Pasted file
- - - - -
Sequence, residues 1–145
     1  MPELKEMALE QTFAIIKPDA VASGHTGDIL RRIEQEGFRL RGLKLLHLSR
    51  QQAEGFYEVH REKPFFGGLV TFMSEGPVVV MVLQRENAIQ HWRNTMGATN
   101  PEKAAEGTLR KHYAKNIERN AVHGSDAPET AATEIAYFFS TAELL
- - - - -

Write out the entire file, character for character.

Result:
Sequence, residues 1–145
     1  MPELKEMALE QTFAIIKPDA VASGHTGDIL RRIEQEGFRL RGLKLLHLSR
    51  QQAEGFYEVH REKPFFGGLV TFMSEGPVVV MVLQRENAIQ HWRNTMGATN
   101  PEKAAEGTLR KHYAKNIERN AVHGSDAPET AATEIAYFFS TAELL